Altogether, 19 works from the Freeman collection sold for a total of $31.6 million, with a sell-through rate of 90 percent by lot. Other top-selling Freeman works included Roy Lichtenstein’s Frolic, 1977, which sold to dealer Larry Gagosian for $6 million (estimate: $4 million/6 million), and Sam Francis’s large painting Grey, 1954, which sold for $3.67 million to Joanne Heyler, director and chief curator of the Broad Art Foundation, Los Angeles (estimate: $2 million/3 million).
The latter work, however, is now the subject of a legal dispute, as auctioneer Christopher Burge had brought his hammer down on a $3 million telephone bid before he was alerted to another bid in the room from Heyler. Burge reopened the bidding, saying, “You all saw it, except for me.” Two days later, the telephone bidder, Greek collector Gregory Callimanopulos, filed a lawsuit in U.S. District Court claiming the painting.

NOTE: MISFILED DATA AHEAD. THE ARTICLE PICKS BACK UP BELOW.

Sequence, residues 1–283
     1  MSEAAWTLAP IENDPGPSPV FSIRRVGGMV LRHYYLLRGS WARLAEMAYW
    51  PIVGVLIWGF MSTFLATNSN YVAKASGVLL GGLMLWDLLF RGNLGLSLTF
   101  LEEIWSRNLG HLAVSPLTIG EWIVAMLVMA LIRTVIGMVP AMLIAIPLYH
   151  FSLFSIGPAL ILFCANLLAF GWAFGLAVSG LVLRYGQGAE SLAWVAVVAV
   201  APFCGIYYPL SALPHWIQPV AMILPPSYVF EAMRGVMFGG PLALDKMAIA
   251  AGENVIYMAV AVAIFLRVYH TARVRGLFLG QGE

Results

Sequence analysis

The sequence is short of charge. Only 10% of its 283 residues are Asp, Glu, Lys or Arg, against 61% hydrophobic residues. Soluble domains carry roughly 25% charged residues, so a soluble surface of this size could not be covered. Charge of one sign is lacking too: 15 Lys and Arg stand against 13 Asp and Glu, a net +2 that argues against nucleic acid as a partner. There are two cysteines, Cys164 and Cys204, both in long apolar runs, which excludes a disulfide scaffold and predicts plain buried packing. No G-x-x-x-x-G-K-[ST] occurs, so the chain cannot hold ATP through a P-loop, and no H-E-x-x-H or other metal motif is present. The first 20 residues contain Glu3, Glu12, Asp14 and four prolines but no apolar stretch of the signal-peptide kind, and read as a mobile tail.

For the rest of the sale, Christie’s followed the Sotheby’s model of concentrating on Postwar artists with a traditional collector base and a smattering of younger contemporary artists. Alexander Calder’s extraordinary performance continued, with multiple bids on several works, led by an untitled 1943 wall relief, which sold for $2.8 million against an estimate of $1.2 million/1.8 million.
Hans Hofmann’s colorful Wild Vine, 1961, attracted competition from four bidders before selling to art adviser Kim Heirston for $1.2 million (estimate: $600,000/800,000). Willem de Kooning’s Woman, 1953, which had been in the estate of Evelyn Annenberg Hall, was the best example of the artist’s work on offer all week. The painting sold for $3.7 million, double the estimate of $1.4 million/1.8 million.